A second way outbreeding depression can occur is by the breakdown of biochemical or physiological compatibilities between genes in the different populations. Due to nonadditive gene action, genes may have rather different effects in different genetic backgrounds.
In other words, individuals from Population A will tend to have genes selected for the quality of combining well with gene combinations common in Population A. However, these will not have been selected for the quality of crossing well with genes common in Population B. Therefore outbreeding can undermine vitality by reducing positive epistasis and/or increasing negative epistasis.
It is critical to understand that reduced inbreeding depression in first generation hybrids can, in some circumstances, be strong enough to more than make up for outbreeding depression. This is why farmers keep purebred strains for the purpose of outcrossing (while not usually breeding the hybrids).
As a general rule of thumb, hybrid vigour (or reduced inbreeding depression) is strongest in first generation hybrids and gets weaker over time. In contrast, outbreeding depression can be relatively weak in the first generation, and will increase through the further generations as co-adapted gene complexes are broken apart without the forging of new co-adapted gene complexes to take their place.
It is important to keep in mind that these two mechanisms of outbreeding depression can be operating at the same time. Determining which mechanism is more important in a particular population is very difficult.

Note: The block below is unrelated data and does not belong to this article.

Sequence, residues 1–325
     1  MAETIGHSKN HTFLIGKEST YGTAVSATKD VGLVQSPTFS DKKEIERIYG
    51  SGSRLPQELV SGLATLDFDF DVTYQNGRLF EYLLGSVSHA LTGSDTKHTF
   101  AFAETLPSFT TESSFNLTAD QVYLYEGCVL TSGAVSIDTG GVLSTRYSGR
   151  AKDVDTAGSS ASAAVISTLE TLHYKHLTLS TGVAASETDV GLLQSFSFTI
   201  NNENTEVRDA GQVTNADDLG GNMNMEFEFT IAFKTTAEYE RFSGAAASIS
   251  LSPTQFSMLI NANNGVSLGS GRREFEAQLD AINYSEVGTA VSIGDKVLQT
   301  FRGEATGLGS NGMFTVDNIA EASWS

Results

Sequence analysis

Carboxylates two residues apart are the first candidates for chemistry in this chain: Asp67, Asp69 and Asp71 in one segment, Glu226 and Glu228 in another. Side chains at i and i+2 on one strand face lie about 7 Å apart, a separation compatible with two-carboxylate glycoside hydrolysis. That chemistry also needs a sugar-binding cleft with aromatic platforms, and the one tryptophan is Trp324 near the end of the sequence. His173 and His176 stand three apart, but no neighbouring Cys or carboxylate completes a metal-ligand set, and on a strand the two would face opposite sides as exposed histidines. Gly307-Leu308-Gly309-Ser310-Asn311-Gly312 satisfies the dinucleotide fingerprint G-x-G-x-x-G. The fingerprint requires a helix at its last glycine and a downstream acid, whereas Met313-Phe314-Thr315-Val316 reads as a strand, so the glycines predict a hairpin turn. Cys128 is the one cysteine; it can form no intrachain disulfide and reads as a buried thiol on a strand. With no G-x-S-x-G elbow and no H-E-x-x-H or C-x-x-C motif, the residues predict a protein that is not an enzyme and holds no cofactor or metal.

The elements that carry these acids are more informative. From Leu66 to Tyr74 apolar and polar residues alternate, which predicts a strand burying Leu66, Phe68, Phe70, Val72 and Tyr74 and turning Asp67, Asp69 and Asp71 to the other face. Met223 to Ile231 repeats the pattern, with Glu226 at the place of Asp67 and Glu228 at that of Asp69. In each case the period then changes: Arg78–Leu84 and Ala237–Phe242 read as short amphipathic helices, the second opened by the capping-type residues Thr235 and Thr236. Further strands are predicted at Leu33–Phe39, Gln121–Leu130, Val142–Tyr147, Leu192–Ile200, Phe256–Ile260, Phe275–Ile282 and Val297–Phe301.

Linebreeding is a form of inbreeding practiced by some animal breeders to "fix" desirable traits in a breed of animal, without as high a risk of producing undesirable traits that may occur with close inbreeding.
A typical example of linebreeding would be what in human parlance would be considered a mating of first cousins or more distantly related individuals who share a common ancestor.
While linebreeding is less likely to cause problems in the first generation than does inbreeding, over time, linebreeding can reduce the genetic diversity of a population and cause problems related to a too-small gene pool that may include an increased prevalence of genetic disorders and inbreeding depression.
In the creation of the Old English Bulldogge - Mr Levitt uses an adapted form of the Ohio University Linebreeding Program. His method to form a bloodline is to start with a dog and a bitch which are entirely unrelated, then mate the best bitch progeny to again an entirely unrelated dog. From this point onward he linebreeds the next generation Best Bitch to an Uncle from the previous generation.
This does indeed have it's merits in forming your own bloodline, and is better than Father-daughter, or brother-sister matings. However, as stated above, prolonged linebreeding of any sort causes genetic bottle-necking, and soon genetic disorders will start being displayed.
This can be readily be seen in the "Test Bloodline" I created on the database, by looking at the incremental Coefficient of Inbreeding with each successive generation. Go to the Database and see the Inbreeding Pedigree for these Test Children. Or View the Coefficient of Inbreeding here